1. Buy Food You Use The Most
"Prioritize your favorite food options," says Warren. "Since you may be paying more for single size items, try making a list of food must-haves that you'd be willing to spend the extra penny on versus foods that you can have less often." Stick to foods you can utilize in multiple dishes during the week.
2. Buy In Bulk & Save
Just because you are purchasing for a single person doesn't mean you can't still save time and money by buying foods in bulk that you can freeze for later on. "This can be done before or after preparing a dish, such as chicken, fish, or other proteins," says Warren.
3. Purchase Frozen
"If you think fresh produce may go bad, opt for frozen varieties," says Warren. "They can be just as healthy, and at times even better, than fresh produce." According to a study done by the Institute of Food Research, frozen vegetables contain more nutrients than fresh vegetables found in supermarkets, as frozen vegetables are picked up peaked ripeness with their nutrients preserved.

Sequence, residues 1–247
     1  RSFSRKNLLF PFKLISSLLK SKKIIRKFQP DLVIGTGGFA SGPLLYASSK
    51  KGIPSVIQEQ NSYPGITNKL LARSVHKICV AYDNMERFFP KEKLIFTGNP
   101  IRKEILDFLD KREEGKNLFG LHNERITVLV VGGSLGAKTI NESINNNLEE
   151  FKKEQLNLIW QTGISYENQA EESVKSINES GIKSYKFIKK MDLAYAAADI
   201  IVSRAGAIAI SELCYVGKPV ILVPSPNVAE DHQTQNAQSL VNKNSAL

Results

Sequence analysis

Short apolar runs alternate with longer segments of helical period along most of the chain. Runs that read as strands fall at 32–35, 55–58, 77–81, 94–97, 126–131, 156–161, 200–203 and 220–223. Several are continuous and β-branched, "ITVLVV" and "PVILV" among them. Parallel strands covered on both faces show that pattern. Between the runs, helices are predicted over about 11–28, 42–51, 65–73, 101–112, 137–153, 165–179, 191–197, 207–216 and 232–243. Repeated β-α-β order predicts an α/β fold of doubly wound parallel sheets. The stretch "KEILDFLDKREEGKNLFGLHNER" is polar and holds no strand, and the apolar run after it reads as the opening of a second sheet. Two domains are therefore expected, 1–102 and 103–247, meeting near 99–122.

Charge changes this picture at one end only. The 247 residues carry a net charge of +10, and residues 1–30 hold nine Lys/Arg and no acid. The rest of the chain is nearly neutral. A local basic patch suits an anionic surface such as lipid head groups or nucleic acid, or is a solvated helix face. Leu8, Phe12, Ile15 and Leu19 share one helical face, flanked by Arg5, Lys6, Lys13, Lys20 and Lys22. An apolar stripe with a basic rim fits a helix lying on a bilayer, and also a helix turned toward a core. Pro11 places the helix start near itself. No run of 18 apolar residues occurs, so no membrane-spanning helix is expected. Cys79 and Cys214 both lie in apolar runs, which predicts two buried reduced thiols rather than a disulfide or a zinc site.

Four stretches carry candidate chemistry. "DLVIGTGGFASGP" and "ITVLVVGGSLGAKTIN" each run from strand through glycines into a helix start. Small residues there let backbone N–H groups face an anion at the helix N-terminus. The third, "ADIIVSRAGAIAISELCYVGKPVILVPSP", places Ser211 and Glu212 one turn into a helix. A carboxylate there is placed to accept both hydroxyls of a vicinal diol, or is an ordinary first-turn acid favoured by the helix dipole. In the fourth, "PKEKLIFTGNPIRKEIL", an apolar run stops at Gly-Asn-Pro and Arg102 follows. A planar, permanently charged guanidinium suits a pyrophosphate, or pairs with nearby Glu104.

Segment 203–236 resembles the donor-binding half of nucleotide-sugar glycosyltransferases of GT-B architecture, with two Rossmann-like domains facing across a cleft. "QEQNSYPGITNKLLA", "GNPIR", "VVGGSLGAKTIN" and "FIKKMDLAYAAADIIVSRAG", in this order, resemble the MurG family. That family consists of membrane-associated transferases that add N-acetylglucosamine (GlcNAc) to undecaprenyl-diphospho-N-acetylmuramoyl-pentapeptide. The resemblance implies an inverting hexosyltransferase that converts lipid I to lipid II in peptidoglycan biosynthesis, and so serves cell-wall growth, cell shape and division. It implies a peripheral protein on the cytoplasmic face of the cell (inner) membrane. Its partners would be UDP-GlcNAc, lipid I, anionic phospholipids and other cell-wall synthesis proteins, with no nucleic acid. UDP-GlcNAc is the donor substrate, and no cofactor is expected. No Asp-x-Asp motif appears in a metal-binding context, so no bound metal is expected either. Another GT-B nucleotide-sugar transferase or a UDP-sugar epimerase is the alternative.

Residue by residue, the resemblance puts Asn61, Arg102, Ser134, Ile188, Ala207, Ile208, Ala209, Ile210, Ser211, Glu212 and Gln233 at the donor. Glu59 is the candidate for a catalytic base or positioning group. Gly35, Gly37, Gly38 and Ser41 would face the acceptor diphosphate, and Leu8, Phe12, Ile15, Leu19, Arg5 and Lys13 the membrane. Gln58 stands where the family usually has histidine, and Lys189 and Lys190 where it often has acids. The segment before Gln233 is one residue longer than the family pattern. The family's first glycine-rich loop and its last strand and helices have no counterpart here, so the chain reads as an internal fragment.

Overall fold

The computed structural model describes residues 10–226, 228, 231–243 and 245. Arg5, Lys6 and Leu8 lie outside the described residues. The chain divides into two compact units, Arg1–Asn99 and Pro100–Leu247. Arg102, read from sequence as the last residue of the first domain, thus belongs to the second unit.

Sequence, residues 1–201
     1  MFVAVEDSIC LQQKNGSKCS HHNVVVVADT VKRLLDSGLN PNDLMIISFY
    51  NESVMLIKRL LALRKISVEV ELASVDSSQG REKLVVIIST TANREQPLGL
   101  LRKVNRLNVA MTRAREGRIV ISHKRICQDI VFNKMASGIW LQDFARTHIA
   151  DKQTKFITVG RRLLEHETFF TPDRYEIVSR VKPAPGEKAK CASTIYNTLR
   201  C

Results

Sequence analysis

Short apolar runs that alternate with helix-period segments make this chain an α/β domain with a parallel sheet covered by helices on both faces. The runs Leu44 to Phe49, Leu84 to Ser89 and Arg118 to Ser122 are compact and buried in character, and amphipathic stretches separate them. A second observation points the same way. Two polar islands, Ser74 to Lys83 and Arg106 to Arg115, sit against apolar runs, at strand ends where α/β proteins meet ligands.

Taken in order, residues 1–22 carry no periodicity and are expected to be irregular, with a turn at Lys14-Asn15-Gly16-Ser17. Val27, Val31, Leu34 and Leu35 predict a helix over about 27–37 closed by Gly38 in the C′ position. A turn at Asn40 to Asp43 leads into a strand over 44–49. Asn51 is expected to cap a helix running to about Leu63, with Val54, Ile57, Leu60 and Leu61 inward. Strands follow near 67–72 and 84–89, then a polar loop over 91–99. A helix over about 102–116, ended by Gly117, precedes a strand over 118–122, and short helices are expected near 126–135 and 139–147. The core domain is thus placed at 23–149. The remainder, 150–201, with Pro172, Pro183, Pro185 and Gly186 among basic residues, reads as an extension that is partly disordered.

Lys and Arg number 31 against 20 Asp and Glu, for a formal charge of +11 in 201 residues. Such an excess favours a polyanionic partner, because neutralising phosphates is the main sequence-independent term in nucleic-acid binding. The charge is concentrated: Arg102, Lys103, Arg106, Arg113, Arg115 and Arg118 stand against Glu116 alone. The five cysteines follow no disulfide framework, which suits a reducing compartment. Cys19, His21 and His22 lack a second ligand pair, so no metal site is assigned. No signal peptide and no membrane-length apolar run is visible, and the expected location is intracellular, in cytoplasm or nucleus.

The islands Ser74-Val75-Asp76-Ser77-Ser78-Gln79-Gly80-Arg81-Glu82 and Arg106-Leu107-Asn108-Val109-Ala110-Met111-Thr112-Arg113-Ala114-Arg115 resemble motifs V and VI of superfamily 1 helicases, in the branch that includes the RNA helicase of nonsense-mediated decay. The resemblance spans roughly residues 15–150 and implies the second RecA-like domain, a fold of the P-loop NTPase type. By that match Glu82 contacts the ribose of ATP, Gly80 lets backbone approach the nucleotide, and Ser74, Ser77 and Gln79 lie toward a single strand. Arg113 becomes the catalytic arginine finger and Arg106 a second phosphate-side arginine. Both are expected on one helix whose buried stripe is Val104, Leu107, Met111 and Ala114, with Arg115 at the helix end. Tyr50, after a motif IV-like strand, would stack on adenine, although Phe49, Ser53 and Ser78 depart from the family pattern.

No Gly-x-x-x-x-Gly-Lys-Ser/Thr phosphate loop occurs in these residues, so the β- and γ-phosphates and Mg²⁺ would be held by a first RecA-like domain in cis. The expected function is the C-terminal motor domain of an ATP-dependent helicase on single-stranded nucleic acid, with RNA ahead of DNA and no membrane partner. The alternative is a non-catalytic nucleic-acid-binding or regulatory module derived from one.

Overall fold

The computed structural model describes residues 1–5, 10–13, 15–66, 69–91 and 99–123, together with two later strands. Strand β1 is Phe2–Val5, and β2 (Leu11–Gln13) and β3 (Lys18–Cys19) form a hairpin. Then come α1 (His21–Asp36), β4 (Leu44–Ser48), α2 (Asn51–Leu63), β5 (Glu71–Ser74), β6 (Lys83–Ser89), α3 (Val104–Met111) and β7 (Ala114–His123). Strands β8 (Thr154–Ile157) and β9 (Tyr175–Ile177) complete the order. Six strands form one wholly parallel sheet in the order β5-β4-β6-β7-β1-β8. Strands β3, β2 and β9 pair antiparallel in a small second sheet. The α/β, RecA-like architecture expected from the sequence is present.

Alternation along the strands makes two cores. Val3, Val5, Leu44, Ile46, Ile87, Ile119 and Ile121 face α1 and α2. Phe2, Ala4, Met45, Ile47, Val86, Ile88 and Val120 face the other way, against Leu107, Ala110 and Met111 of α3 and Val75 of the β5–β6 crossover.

4. Buy Produce In Season
"If you may be paying more for smaller portions of fresh fruits and veggies, try purchasing seasonal produce, which may be more affordable," says Warren. Produce that's in season is more cost-effective, since it is more readily available.
5. Plan Ahead
"Get organized," says Warren. "Plan your weekly menus in advance paired with a detailed shopping list, so you are sure to grab just what you need." Create menus that include similar foods, and try to incorporate any leftovers you may have from the previous week.
6. Opt for Cans
Whether it's beans or soup, cans are inexpensive and have a long shelf life. They're a good choice for protein and fiber, and you can use any leftovers later on in the week.
Figuring out what type of grocery shopping works best for you might take some trial and error, but once you get into the swing of things, preparing meals for one will become a breeze.
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